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Probe of Home Sale by Official Is Sought

Rep. Cunningham sold to a defense contractor he has backed. Deal has raised ethics questions.

June 16, 2005|Tony Perry | Times Staff Writer

SAN DIEGO — A profitable real estate deal in which Rep. Randy "Duke" Cunningham (R-San Diego) sold his home to a defense contractor whose firm he has supported in its bid to get federal contracts has led Democrats to demand an investigation into whether the deal constituted a bribe.

Cunningham and his wife, Nancy, sold their four-bedroom, 3,826-square-foot home to Mitchell Wade, president and chief executive of Washington-based MZM Inc., in November 2003 for $1,675,000.

The sale of the Cunninghams' home in the Del Mar Heights neighborhood of San Diego allowed the couple to buy a much larger house in Rancho Santa Fe, considered one of the most exclusive communities in America.

Within a month of his purchase, Wade put the Del Mar Heights home on the market and, seven months later, sold it for $975,000 -- a $700,000 loss. That loss, when revealed, led Democrats to call for an investigation to see whether Wade paid an inflated price to funnel money to a helpful congressman.

The home sale, first reported Sunday in the San Diego Union-Tribune, prompted immediate criticism of the eight-term congressman by Rep. Nancy Pelosi (D-San Francisco), the House minority leader.

Jennifer Crider, a spokeswoman for Pelosi, called the controversy "the sort of allegation that a nonpartisan, functioning Ethics Committee should consider: Did Mr. Cunningham receive an illegal gift and/or violate provisions of the criminal code that prohibit giving something of value in return for official action?"

The Ethics Committee has largely ceased to function because of partisan wrangling.

Republicans called the allegation absurd and a slur on a decorated Navy fighter pilot.

Rep. Tom DeLay of Texas, the House Republican leader, said he knew nothing of the home sale but defended Cunningham as "an honorable man with high integrity."

He also condemned Democrats for "using anything and everything they can to criminalize politics."

The Cunninghams bought the Del Mar Heights house in January 1988 for $435,000. They used the profit from its sale to buy a five-bedroom, 7,628-square-foot home in Rancho Santa Fe for $2.55 million.

Wade and his firm, a relative newcomer to the defense industry, have contributed a total of $20,000 to Cunningham's last three election campaigns in which he was easily reelected in a district considered "safe" for Republicans.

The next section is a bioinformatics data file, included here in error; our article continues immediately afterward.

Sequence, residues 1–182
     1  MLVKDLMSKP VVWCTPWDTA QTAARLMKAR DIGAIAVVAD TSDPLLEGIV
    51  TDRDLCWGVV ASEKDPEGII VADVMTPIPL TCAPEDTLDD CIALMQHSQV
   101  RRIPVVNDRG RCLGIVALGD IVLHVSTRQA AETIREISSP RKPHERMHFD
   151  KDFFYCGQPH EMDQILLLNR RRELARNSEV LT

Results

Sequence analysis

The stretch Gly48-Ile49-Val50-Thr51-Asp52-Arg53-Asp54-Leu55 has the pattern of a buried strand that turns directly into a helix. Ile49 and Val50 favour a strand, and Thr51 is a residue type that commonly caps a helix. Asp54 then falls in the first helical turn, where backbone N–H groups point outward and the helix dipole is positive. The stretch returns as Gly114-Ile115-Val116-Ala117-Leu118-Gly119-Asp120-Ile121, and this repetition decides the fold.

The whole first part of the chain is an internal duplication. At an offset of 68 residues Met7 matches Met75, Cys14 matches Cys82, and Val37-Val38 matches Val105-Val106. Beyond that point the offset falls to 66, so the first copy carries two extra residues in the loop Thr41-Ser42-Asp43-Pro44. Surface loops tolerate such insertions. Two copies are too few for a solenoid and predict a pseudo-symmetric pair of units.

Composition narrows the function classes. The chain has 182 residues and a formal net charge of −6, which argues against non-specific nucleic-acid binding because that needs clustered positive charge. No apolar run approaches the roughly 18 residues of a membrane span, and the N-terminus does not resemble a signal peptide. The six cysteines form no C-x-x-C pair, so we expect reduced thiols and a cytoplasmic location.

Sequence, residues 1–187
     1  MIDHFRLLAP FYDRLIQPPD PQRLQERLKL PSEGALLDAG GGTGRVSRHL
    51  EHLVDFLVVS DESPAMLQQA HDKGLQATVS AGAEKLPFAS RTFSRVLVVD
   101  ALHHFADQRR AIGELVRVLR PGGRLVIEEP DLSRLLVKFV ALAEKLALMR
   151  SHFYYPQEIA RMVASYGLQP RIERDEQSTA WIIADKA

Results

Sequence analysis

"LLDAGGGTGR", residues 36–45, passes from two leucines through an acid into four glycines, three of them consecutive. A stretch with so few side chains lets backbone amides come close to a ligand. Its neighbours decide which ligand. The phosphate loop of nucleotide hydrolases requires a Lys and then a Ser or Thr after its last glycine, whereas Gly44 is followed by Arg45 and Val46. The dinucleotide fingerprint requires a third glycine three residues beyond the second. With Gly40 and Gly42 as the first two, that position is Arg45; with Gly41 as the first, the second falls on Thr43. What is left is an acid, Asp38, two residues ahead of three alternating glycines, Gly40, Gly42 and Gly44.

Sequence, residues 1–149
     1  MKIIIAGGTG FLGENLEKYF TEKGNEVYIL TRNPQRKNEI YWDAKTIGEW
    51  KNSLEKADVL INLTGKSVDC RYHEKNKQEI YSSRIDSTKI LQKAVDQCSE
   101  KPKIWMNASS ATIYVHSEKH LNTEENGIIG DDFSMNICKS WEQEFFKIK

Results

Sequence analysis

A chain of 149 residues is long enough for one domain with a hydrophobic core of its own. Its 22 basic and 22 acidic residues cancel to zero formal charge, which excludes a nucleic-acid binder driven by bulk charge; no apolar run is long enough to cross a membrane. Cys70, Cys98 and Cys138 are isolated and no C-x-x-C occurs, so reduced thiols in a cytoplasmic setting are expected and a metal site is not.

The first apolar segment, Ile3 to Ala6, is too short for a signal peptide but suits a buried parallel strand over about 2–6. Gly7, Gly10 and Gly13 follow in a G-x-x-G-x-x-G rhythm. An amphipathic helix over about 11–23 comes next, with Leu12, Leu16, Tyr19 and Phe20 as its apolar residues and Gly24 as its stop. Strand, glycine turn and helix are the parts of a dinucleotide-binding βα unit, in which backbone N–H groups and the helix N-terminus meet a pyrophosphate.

Elizabeth Todd, the real estate agent who helped with the sale, has donated $2,000 to Cunningham during the same period.

Cunningham, a member of the House Intelligence Committee and the defense appropriations subcommittee, has praised the work of Wade's firm MZM, which does classified intelligence work and received $41 million in defense contracts in 2003.

Cunningham, 63, declined a request for an interview, but his spokeswoman said the sale was arranged after Wade was given a list of comparable sales in the surrounding area, a common way to determine price.

The house was never listed on the Multiple Listing Service, though privately arranged sales are not uncommon in the coastal areas of northern San Diego County -- one of the hottest real estate markets in the state.

Scotty Brumett, a spokesman for MZM, said Wade bought the house at the asking price, based on the comparable figures, without seeing it.

"Bottom line: It was an arm's-length purchase, based on comps," he said.

When the sale was consummated in late 2003, the buyer was listed not by name but by the address of MZM's Washington headquarters. On its website, MZM lists branch offices in Miami; San Antonio; San Diego; Tampa, Fla.; and Suffolk, Va. Only the Tampa office has a listed phone number.

Figures from DataQuick Information Systems, which follows the California real estate market, suggest that the $1.65-million price did not appear to be out of line with comparable sales.

In the final months of 2003, 10 houses of more than 3,500 square feet were sold in Del Mar, with the median price being $1.37 million.

In 2004, 31 houses of more than 3,500 square feet were sold in Del Mar; the median price was $1.7 million. In the real estate market, homes in Del Mar Heights are considered part of Del Mar.

In comments published in the Union-Tribune, Todd said she could not explain why the home was on the market for seven months in 2004 before Wade sold it for $700,000 less than his purchase price.

Francine Busby, a Democrat who ran unsuccessfully against Cunningham last year and plans another attempt next year, criticized him for not meeting with the media to explain the sale.

"One of the reasons I am running for Congress is to bring the values of honesty and responsibility back to Washington," she said in a prepared statement.

Rep. Duncan Hunter (R-Alpine) defended his longtime friend.

"Duke Cunningham would die before he'd do anything dishonest," Hunter said Wednesday.

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